Skip to main content Accessibility help
  • Print publication year: 2016
  • Online publication date: August 2016

23 - What is ‘identification’?

from Part II - A first step: analysis of the predicative sentence


At the end of the lecture before last we arrived at the result that the function of singular terms is to be understood as that of specifying. By ‘specifying’ was meant: indicating which of all objects it is that is classified by the other sentence-component. It has not yet been decided whether the meaning of our reference to objects is exhausted by the thus characterized object-relation that is made possible by the employment of a species of linguistic sign, nor whether we are to understand what is meant by ‘objects’ in terms of it. And in particular it remained still unexplained how these linguistic expressions – singular terms – must be employed if they are to be able to fulfil the function of specifying as thus described.

In order to prepare ourselves for this enquiry into the concrete form which the specificatory function of singular terms takes we shall begin by orientating ourselves towards the conception of Strawson (who was the first to tackle this problem). We saw in the last lecture that one cannot be satisfied with the way in which Strawson, in his early paper ‘On Referring’, tries critically to distinguish himself from Russell. However, his own positive conception (viz. that singular terms have a so-called identificatory function) is merely sketched in that paper. It is only worked out in his book Individuals (1958) and in his paper ‘Singular Terms and Predication’ (1961) in which he argues with Quine. So it is these writings towards which we must orientate ourselves in the hope of reaching, via Strawson's talk of identification, a concrete understanding of what I have termed the function of specification.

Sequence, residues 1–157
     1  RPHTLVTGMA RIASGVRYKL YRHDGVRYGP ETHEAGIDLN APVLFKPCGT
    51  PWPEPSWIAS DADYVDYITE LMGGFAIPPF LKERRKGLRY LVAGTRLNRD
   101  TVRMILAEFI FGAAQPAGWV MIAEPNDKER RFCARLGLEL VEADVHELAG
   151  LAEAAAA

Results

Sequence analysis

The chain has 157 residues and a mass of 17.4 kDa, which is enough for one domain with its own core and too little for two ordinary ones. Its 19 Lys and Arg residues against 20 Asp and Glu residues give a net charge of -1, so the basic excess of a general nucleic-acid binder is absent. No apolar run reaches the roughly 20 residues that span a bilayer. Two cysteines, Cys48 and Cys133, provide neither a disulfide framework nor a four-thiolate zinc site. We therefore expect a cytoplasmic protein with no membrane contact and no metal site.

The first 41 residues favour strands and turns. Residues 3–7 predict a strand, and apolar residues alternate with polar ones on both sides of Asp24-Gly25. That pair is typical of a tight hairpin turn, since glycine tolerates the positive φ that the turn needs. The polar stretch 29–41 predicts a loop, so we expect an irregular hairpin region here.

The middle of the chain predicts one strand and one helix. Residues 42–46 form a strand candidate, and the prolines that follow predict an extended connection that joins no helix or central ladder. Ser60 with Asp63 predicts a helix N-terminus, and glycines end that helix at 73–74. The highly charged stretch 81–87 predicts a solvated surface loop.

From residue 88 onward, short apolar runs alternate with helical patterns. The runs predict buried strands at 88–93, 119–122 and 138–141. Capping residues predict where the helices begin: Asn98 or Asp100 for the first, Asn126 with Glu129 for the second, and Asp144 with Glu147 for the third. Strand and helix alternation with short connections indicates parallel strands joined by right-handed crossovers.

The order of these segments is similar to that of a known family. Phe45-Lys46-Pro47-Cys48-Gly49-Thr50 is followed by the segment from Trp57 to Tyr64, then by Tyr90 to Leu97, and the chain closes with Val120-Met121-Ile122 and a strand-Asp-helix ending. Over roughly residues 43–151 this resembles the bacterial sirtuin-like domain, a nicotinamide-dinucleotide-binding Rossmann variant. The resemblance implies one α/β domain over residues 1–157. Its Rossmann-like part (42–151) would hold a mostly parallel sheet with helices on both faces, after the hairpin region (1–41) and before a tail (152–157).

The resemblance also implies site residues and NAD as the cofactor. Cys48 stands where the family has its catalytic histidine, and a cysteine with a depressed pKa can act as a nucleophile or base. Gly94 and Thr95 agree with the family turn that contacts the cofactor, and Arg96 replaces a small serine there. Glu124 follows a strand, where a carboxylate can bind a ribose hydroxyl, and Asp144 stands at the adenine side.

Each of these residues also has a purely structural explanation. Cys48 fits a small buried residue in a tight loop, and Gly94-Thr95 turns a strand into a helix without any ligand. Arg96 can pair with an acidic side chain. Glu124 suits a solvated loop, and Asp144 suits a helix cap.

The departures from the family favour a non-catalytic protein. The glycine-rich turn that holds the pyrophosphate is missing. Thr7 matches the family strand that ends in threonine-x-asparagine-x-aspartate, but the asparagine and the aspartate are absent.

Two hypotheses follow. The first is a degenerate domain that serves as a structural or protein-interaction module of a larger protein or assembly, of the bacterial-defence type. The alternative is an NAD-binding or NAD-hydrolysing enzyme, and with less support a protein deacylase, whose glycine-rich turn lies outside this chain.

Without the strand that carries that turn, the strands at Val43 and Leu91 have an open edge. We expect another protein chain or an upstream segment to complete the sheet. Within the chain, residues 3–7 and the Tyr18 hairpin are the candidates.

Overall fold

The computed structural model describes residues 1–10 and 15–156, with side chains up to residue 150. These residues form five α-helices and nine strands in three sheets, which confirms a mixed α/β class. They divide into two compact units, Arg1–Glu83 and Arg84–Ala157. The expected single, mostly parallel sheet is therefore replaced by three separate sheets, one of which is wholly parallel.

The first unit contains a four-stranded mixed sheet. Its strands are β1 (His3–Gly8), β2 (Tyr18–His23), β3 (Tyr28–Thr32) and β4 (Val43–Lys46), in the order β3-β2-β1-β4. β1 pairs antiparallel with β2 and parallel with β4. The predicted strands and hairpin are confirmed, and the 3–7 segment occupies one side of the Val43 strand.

In the 1961 paper Strawson states that it belongs to the essence of a singular term that it is ‘used for the purpose of identifying the object’. And this identificatory function is said to consist in ‘bringing it about that the hearer knows which object it is, of all the objects within the hearer's scope of knowledge or presumption, that the other term’ – the predicate – ‘is being applied to’. This definition of what is meant by ‘identification’ comes very close to the definition which I have given of ‘specification’; one might therefore think that they stand for the same concept. However, as we shall see, the matter is more complicated.

Recommend this book

Email your librarian or administrator to recommend adding this book to your organisation's collection.

Traditional and Analytical Philosophy
  • Online ISBN: 9781316535608
  • Book DOI:
Please enter your name
Please enter a valid email address
Who would you like to send this to *